CCBC launches international hubs

This initiative provides a soft-landing structure for internationalization of Canadian and Brazilian companies in both countries


By Andréa Ciaffone

The attractiveness of Brazil for Canadian companies and of Canada for Brazilian companies is unquestionable. In almost all economic sectors there are opportunities to be seized and success to be achieved through their presence in both markets.

In theory everything is quite clear. In practice, however, starting an operation in another country poses challenges ranging from the most prosaic, such as having a business address, to the most complex, such as developing a network of relationships that are needed to generate business. To address these typical aspects of soft-landing for companies, CCBC developed the Canada Hub initiative, which functions as a welcoming center for Canadian companies in Brazil.

“While assisting Canadian entrepreneurs who wish to operate in Brazil, we realized the importance of creating a Canadian friendly environment that is tailor-made for their needs; and that’s the main goal of the Canada Hub,” explains CCBC’s Chief Officer for Institutional Relations and Business Affairs, Paulo de Castro Reis.“Quite often, operating in another country is something these companies have never done before and, therefore, they need the support of a partner with good knowledge of the characteristics and opportunities of the local market. When we detected this demand, we started to develop this set of initiatives that combine the physical facilities in our headquarters with CCBC’s know-how in order to facilitate business development and operations in both countries”, he explains.

The starting point for this is the credibility of CCBC, which has been dedicating all its efforts to making trade relations between the two countries prosper for decades. This track record of success provides greater ease for companies that are about to make an investment in internationalization.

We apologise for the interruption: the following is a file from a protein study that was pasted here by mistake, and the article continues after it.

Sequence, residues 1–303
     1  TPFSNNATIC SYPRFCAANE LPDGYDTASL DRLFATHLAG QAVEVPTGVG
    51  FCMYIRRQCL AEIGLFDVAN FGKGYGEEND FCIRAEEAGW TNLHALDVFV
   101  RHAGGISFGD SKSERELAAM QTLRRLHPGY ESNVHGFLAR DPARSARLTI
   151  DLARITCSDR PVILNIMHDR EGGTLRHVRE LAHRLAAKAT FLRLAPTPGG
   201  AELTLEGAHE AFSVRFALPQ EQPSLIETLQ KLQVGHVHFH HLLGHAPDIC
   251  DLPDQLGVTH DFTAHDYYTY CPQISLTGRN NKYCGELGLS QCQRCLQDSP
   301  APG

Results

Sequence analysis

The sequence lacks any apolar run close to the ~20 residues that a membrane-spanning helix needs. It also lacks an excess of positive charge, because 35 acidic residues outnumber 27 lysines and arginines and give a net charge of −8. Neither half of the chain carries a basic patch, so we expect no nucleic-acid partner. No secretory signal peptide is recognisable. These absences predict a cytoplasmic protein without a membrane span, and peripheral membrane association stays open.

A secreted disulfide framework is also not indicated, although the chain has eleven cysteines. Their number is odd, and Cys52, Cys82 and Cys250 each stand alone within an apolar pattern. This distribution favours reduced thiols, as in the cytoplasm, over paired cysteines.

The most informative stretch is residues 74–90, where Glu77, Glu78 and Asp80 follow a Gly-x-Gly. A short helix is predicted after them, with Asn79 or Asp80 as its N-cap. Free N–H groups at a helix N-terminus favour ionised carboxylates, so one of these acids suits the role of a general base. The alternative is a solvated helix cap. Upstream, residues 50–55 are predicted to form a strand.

The second element of the Canada Hub relevance equation is convenience. Seemingly simple things like having a business address in Brazil – which is mandatory to start submitting a company’s documentation – are on the list of services offered by the Hub. Some of the conveniences made available are rooms for meetings or presentations, mail management, and virtual assistant. “What sets us apart from a co-working facility is our specific knowledge of the steps that a company from one country needs to go through to operate in the other country,” says the head of Institutional Relations. “More than acting as a guide along the paths of bureaucracy, the Hub shows newcomer companies ways to integrate into the ecosystem of their sector”, Castro Reis highlights. “We assist in mapping business opportunities; we recommend approved service providers who are part of our relationship network; and we also leverage the networking of newcomer entrepreneurs and executives,” he adds.

Another important differentiating factor is the support of CCBC’s Business Development department, with a team specialized in activating the presence of companies from one country into the other and that, in addition to identifying opportunities, works to create agendas to help generate business.

nies such as 3rdi Lab, in the province of Saskatchewan, specialized in technology for museums with augmented reality and virtual reality. The company just opened developing a project in a partnership with the Catavento museum in São Paulo.

In Canada, the initiative will be called Brasil Hub and its launch is scheduled for April in Montreal. There, the Hub will have a particularly attractive feature: it will be a bridge for Brazilian companies to seek partnerships with the various acceleration programs that exist in Canada, as well as with government programs and sectorial associations.

“It is important to make it clear that this opportunity is available for any type of company, no matter their size or business sector,” adds Castro Reis.


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